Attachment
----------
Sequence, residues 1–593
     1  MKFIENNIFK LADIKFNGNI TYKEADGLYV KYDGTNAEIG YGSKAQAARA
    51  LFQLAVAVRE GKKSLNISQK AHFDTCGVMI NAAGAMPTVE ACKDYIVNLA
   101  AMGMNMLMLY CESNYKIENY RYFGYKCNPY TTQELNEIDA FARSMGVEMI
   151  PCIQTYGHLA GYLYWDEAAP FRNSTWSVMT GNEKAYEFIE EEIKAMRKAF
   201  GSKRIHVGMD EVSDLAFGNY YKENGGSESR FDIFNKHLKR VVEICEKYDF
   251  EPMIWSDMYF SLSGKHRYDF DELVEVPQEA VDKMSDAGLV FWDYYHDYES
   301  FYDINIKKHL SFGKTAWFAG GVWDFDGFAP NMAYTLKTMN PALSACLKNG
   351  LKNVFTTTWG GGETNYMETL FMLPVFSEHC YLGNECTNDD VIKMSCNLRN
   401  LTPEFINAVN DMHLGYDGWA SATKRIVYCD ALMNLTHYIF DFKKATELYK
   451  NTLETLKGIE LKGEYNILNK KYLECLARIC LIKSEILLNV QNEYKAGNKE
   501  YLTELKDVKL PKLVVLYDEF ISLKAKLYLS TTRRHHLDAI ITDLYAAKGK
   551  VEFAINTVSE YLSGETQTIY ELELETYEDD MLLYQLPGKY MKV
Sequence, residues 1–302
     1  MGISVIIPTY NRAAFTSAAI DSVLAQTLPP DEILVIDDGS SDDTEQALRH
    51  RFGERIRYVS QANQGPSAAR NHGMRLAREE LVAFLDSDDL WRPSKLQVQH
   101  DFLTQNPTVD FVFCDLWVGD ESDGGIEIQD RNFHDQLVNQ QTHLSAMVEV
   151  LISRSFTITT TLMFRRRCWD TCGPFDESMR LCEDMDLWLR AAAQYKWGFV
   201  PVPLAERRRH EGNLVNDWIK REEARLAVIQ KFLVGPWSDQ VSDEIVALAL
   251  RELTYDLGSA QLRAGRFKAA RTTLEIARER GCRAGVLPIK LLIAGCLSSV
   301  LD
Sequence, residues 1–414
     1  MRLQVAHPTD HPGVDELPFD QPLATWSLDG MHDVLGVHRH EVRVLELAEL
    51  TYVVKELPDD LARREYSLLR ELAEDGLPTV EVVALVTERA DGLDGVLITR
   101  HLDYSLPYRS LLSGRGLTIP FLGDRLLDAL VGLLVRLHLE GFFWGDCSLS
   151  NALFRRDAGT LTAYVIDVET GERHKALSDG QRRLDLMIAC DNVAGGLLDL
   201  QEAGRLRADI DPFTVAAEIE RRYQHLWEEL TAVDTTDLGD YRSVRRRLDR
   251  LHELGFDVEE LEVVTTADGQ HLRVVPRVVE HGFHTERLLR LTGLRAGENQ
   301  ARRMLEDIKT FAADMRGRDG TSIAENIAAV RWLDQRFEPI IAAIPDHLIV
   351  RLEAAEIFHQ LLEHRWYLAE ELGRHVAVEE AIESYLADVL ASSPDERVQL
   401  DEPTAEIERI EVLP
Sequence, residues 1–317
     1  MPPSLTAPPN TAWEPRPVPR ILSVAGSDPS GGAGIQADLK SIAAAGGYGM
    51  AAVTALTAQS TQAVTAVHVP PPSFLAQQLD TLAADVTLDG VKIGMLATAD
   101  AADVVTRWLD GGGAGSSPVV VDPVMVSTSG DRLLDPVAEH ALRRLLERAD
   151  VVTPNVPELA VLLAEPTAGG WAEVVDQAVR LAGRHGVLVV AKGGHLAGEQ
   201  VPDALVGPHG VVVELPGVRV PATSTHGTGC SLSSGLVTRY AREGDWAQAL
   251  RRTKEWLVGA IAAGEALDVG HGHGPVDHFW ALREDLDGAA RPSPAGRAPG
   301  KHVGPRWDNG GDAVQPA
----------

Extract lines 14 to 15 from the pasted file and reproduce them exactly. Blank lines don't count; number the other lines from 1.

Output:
Sequence, residues 1–302
     1  MGISVIIPTY NRAAFTSAAI DSVLAQTLPP DEILVIDDGS SDDTEQALRH